BRISTOL, Tenn. (AP) -- King Pharmaceuticals Inc., which last month lost patent protection on its best-selling drug, said Tuesday it will slash 22 percent of its jobs to reduce expenses.
King will eliminate 520 jobs, including 380 sales positions and 140 corporate jobs, as part of a restructuring of its business. An additional 240 corporate posts will be cut as part of King's combination with Alpharma Inc., a former rival King bought at the end of 2008.
The pain drug maker said the moves will lead to one-time charges of $50 million to $55 million in the first half of the year. It did not estimate the savings that will come from the job cuts, but said it will provide more detail on Feb. 26, when it makes its quarterly report.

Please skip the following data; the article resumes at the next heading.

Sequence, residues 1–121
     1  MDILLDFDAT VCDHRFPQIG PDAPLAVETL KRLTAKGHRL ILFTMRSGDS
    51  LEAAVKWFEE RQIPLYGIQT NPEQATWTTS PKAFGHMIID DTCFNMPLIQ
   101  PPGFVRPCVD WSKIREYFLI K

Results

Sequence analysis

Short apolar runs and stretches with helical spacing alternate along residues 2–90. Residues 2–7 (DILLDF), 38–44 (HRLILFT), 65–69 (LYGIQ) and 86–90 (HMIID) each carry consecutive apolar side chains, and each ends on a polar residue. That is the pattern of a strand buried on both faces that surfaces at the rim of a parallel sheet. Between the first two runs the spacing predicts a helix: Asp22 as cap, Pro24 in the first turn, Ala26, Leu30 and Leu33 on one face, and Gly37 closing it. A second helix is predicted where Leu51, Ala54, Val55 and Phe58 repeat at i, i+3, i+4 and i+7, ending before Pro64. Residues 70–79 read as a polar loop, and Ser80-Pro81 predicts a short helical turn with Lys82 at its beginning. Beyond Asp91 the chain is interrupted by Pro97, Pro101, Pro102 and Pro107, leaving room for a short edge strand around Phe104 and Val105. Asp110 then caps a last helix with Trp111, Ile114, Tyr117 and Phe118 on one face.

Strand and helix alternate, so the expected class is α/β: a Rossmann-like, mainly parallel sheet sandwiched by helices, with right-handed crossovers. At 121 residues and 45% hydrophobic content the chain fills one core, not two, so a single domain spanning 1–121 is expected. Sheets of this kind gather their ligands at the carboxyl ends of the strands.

In a note to clients, Cowen and Co. analyst Ian Sanderson said the job cuts should save about $110 million to $120 million per year for King.
The reduction to King's sales staff will leave it with about 720 sales representatives to market its branded drugs.
In January, a U.S. District Court issued a ruling that overturned two of the three patents that protect King's drug Skelaxin, a muscle relaxant, from generic competition. The company said it plans to appeal the judgment after it is formally entered.
King reported $333 million in Skelaxin revenue in the first nine months of 2008, or about one-fourth of its total revenue for that period.
King is partnering with Corepharma to make an authorized generic version of Skelaxin, which could help it retain some of the revenue from the drug.
In morning trading, King shares edged up 5 cents to $8.68.